The situation here is more analogous to Reinhart. Officers Stayton and Miller were responding to a dispatch regarding a suspicious vehicle in the backyard of the unoccupied portion of the caller's duplex home. The vehicle they eventually approached was not parked in the duplex yard but rather, in the parking lot of a nearby apartment complex. As Officer Stayton approached, Wilson exited the vehicle “and immediately turn[ed] around and ben[t] forward, and ma[de] a lot of movement toward, at the center console area of the vehicle.” (Tr. at 22.) Officer Stayton drew his gun and ordered Wilson to show his hands. Wilson complied. The officers then handcuffed him. When asked if he had “anything inside of the vehicle of concern [:] guns, weapons, anything like that[,]” (id. at 9), Wilson said there was nothing in his car and the officers could search it.
 Without minimizing the officers' testimony that they observed Wilson lean into the car and they were concerned about a possible firearm or narcotics, such behavior is not enough, by itself, to support reasonable suspicion, let alone probable cause. See Sanchez v. State, 803 N.E.2d 215, 221 (Ind. Ct. App. 2004), trans. denied. What may have begun as an investigatory stop quickly transformed into an arrest. Wilson complied with all of the officers' orders. The officers approached Wilson at gunpoint and then handcuffed him. Wilson remained handcuffed and guarded by one or the other officer while two searches of his vehicle were conducted. A reasonable person would not believe himself free to leave. See Reinhart, 930 N.E.2d at 47 (a reasonable person “would have considered his freedom of movement to have been restrained to the degree associated with a formal arrest”).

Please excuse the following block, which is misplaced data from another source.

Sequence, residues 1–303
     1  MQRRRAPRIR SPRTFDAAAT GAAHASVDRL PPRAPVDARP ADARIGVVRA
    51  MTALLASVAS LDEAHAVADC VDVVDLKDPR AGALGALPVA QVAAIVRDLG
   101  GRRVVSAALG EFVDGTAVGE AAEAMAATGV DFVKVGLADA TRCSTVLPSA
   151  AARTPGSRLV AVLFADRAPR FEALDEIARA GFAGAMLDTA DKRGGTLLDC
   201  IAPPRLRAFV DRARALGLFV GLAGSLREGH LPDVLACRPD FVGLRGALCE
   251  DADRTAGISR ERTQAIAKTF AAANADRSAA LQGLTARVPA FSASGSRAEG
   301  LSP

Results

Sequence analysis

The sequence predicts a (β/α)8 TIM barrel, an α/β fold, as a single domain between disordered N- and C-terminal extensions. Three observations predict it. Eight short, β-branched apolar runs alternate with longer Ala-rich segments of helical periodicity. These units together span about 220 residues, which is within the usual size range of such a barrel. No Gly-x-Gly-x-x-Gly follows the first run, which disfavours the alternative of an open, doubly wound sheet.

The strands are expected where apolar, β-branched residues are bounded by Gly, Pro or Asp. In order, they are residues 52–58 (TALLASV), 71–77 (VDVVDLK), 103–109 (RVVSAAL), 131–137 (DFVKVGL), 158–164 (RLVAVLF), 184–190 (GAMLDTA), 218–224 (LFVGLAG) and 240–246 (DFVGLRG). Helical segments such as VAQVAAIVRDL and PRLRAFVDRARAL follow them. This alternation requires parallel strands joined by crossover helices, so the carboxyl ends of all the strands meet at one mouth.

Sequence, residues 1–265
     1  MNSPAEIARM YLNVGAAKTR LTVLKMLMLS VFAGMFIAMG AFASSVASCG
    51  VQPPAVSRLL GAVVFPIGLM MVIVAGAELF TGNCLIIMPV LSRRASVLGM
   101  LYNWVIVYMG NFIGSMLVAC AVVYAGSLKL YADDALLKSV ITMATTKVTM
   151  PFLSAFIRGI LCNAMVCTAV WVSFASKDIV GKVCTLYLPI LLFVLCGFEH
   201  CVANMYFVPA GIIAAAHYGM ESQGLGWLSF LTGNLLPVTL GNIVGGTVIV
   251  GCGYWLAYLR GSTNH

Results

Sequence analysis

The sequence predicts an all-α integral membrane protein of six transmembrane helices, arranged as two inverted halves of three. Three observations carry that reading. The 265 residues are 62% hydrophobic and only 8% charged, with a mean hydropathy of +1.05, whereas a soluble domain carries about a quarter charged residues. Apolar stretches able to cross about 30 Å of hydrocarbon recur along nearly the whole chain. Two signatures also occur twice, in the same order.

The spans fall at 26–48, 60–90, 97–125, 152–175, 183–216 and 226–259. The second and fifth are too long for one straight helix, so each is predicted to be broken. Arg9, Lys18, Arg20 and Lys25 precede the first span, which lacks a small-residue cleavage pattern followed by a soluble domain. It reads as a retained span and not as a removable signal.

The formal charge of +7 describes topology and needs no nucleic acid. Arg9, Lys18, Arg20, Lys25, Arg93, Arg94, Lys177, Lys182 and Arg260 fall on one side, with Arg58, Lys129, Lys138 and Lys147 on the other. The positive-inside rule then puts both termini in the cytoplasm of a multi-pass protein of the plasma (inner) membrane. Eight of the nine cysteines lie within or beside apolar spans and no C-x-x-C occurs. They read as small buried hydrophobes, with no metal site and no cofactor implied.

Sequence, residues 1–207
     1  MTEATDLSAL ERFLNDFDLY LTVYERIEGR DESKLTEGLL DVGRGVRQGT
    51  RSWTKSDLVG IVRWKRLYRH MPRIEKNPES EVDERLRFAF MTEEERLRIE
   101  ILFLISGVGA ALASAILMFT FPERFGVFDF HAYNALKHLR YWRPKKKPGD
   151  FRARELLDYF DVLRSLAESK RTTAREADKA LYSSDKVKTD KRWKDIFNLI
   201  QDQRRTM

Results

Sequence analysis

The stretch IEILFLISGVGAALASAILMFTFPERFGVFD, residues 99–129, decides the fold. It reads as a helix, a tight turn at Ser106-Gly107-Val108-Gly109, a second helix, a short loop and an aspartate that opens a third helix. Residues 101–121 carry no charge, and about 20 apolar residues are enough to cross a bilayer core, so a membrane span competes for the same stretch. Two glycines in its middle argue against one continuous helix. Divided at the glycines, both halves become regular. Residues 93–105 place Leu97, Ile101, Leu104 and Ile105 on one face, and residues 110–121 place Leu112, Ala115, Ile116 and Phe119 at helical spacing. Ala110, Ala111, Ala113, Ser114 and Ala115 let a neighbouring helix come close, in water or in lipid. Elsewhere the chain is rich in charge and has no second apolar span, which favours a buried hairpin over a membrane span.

Under the facts presented, Officer Stayton's approach with a gun drawn and the subsequent handcuffing of Wilson was more than required to either confirm or dispel the officers' suspicion Wilson had been parked at the duplex. The officers' actions exceeded the scope of an investigatory stop and became an arrest without probable cause. As the arrest was without probable cause, the admission of evidence obtained from the search was in error.12 See Sanchez, 803 N.E.2d at 221 (“fruit of the poisonous tree” doctrine bars illegally obtained evidence from admission).